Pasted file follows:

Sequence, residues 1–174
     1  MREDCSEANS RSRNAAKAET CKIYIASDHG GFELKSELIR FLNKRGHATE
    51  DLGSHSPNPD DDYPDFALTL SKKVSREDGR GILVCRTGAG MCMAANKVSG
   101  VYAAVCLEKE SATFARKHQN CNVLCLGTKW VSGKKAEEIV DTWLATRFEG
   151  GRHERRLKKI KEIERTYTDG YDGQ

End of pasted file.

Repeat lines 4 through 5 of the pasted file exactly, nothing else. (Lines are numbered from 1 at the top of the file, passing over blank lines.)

   101  VYAAVCLEKE SATFARKHQN CNVLCLGTKW VSGKKAEEIV DTWLATRFEG
   151  GRHERRLKKI KEIERTYTDG YDGQ